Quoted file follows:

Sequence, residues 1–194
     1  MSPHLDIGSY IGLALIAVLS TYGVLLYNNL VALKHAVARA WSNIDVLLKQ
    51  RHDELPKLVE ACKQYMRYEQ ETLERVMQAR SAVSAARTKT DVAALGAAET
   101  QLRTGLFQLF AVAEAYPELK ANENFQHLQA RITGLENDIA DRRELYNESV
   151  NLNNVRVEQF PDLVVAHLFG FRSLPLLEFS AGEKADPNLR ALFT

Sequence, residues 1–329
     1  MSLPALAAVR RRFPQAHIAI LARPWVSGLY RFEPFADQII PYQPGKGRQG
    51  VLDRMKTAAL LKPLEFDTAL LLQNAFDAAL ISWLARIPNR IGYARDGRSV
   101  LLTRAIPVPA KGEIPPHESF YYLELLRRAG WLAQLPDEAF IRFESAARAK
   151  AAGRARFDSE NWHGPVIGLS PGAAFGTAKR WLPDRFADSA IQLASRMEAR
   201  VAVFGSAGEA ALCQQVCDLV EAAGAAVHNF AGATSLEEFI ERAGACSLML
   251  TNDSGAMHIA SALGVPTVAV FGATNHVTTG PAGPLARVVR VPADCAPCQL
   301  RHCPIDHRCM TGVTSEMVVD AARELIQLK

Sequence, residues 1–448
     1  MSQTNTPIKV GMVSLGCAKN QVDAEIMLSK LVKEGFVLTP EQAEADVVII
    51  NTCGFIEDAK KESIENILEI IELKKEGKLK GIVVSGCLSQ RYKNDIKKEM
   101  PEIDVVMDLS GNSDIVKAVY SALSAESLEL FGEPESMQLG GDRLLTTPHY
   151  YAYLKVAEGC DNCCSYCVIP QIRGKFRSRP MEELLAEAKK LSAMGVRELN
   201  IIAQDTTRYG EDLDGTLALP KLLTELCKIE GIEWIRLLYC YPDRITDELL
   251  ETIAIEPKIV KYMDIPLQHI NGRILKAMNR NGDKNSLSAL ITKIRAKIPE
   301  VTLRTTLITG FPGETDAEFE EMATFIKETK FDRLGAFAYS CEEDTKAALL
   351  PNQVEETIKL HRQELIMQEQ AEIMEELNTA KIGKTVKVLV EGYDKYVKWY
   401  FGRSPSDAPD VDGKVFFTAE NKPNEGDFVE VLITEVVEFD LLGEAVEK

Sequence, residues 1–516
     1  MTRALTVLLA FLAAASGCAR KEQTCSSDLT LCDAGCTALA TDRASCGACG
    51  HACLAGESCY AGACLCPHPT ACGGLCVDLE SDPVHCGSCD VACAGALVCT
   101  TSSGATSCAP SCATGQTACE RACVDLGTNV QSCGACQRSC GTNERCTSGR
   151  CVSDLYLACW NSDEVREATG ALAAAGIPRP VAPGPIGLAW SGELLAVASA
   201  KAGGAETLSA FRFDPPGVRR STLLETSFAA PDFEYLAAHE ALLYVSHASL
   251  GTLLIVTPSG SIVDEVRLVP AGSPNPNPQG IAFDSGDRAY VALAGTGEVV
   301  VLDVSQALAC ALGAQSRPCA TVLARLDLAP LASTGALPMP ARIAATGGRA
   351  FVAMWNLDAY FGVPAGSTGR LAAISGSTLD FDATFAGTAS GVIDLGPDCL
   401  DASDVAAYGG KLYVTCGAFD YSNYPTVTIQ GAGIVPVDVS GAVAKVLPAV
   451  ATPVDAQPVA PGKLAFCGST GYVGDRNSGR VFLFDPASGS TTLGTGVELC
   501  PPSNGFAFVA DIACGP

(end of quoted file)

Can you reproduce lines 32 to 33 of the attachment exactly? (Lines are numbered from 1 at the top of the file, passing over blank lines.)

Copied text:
   351  FVAMWNLDAY FGVPAGSTGR LAAISGSTLD FDATFAGTAS GVIDLGPDCL
   401  DASDVAAYGG KLYVTCGAFD YSNYPTVTIQ GAGIVPVDVS GAVAKVLPAV